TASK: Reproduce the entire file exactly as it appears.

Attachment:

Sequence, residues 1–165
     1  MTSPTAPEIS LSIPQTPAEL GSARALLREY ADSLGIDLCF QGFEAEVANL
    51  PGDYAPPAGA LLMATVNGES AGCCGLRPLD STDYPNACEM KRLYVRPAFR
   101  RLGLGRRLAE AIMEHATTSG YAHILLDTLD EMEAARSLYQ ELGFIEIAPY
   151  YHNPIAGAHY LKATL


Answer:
Sequence, residues 1–165
     1  MTSPTAPEIS LSIPQTPAEL GSARALLREY ADSLGIDLCF QGFEAEVANL
    51  PGDYAPPAGA LLMATVNGES AGCCGLRPLD STDYPNACEM KRLYVRPAFR
   101  RLGLGRRLAE AIMEHATTSG YAHILLDTLD EMEAARSLYQ ELGFIEIAPY
   151  YHNPIAGAHY LKATL